Preparation key to weathering disaster

Posted: Saturday, March 04, 2000

One of the most important steps toward being prepared for any disaster is having supplies on hand.

Emergency and disaster groups constantly tell the public to put together a "disaster kit" with everything they may need for at least three days. If this is done, people will be able to make it through the worst part of a disaster's aftermath relatively unscathed.

Debra Holle, Kenai Peninsula coordinator for the American Red Cross, said although preparation is not difficult, most people don't put enough stress on getting ready for the unknown.

"Some people think it's ridiculous to think of any disaster," she said. "They should not put it last on the list to be prepared."

Holle suggests one person in every household oversee the preparation.

"Someone has to be kind of in charge of it," she said. "Someone has to have an understanding of the shelf life of everything."

The family member in charge need not be a parent, she said. Older children can do the job, too.

"You can make it kind of a fun project," said Holle.

When bombarded with lists and envisioning an unfathomable disaster, it may be difficult to decide what to store.

John Alcantra, of the borough's Emergency Management Office, said some people are tempted into buying specialty food and accessories marketed as "disaster ready."

However, Alcantra said those products, though convenient and easy to store, may wind up going uneaten should the unforeseen occur.

"Too many people think you have to have this big, elaborate system," Alcantra said.

Holle concurred, saying it is better to store only what your family already eats and is familiar with.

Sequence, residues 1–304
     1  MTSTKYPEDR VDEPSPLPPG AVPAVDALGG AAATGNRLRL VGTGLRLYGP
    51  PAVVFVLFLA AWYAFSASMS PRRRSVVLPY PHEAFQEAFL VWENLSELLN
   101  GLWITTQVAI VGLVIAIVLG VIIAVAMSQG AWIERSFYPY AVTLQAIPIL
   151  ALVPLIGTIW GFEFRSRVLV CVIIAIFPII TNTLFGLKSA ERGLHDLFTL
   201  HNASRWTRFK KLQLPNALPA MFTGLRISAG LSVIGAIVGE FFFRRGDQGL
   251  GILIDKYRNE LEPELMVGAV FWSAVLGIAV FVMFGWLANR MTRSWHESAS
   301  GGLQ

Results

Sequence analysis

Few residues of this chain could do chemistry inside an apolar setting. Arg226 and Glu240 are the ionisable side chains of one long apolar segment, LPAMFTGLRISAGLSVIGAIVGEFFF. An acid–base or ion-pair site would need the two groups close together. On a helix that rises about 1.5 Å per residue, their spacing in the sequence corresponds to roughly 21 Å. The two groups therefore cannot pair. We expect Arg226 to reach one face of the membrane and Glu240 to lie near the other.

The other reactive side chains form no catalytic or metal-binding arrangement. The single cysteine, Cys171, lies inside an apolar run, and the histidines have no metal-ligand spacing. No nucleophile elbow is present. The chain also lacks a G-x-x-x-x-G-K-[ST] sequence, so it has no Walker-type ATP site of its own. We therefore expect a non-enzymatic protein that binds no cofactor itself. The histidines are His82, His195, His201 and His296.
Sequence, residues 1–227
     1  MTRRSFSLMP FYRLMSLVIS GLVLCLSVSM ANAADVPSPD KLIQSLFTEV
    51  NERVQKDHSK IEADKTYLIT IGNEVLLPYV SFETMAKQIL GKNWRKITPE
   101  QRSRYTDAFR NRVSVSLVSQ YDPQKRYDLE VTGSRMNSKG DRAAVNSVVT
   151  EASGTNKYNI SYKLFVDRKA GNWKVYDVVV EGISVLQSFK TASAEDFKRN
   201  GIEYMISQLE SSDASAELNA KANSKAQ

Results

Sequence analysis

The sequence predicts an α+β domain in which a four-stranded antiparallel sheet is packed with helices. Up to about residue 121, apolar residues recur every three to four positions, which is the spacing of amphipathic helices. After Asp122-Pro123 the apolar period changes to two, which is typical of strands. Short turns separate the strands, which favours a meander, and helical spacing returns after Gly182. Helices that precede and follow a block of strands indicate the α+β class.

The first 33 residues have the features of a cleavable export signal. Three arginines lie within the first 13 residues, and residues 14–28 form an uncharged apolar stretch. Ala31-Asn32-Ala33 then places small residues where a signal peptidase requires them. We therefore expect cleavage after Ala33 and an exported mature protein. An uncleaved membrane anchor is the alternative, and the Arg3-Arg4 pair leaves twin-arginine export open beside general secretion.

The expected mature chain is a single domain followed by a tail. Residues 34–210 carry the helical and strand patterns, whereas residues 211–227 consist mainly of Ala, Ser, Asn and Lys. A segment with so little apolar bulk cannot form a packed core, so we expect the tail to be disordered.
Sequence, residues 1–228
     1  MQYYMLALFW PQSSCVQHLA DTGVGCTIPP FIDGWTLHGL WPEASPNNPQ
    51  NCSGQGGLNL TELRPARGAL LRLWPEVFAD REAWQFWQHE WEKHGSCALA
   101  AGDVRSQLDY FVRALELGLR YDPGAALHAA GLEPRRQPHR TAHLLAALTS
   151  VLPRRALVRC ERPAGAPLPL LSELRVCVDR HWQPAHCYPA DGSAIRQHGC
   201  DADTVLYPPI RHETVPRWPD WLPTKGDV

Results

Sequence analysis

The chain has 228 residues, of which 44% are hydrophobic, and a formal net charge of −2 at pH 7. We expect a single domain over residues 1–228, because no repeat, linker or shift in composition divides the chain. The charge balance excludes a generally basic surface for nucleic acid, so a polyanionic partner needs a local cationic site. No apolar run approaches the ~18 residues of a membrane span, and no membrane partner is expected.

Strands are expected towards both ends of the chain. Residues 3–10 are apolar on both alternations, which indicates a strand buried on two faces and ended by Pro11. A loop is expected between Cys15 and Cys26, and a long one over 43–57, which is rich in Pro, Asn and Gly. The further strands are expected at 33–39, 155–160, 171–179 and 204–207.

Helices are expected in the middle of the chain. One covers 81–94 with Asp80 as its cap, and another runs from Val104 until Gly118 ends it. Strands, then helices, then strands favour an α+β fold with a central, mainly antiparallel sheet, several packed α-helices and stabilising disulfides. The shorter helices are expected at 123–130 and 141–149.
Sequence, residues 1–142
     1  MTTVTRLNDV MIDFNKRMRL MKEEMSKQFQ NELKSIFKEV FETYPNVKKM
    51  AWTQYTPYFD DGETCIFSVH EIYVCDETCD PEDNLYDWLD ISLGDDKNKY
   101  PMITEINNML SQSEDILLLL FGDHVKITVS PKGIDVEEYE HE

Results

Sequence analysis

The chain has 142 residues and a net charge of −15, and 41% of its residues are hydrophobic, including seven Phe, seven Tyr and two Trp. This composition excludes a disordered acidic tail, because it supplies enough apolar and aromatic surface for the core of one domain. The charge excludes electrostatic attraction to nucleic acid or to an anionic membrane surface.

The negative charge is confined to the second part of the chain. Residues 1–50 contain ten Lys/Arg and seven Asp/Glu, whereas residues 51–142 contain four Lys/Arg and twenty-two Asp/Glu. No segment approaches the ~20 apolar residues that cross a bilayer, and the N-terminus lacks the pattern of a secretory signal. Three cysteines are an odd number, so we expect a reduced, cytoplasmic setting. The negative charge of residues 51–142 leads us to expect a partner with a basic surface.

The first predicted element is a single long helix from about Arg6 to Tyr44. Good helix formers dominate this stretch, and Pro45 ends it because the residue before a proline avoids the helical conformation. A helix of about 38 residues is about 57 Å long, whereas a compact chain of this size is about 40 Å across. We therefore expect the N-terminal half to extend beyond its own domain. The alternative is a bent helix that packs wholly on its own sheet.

"The main thing is knowing what your family will eat," she said. "It makes no sense to plan ahead and put something on your shelf that your family isn't interested in."

Holle also said it is important to have treats as well as nutritious foods.

"For morale, it's good to have pick-you-up things," she said.

For example, Holle and Alcantra both admitted to keeping a few of their favorite chocolate bars stashed in case of emergency.

Holle said another common reason people delay putting together a disaster kit is expense. To combat this, she emphasizes stocking up a little at a time, as things go on sale and budgets allow.

"Do what you can afford to do. Don't put yourself in a financial crisis," she said. "You have to be prudent."

She advises adding a little extra to your grocery list each time you go shopping, perhaps buying two jars of peanut butter instead of one.

Disaster kits should be assembled and stored in a cool, safe place easily accessible. They can be stored in anything large enough to safely hold everything. Most frequently recommended are duffel bags, backpacks and large, tightly lidded plastic containers varying from 5-gallon tubs to 33-gallon garbage cans.

Included in disaster kits should be food and water for at least three days, a complete first aid kit, prescription medications, spare contact lenses or eyeglasses, toiletries and battery-operated radio and flashlights with spare batteries. Also suggested are playing cards or other diversions to help pass time. For a complete list, see page 5.



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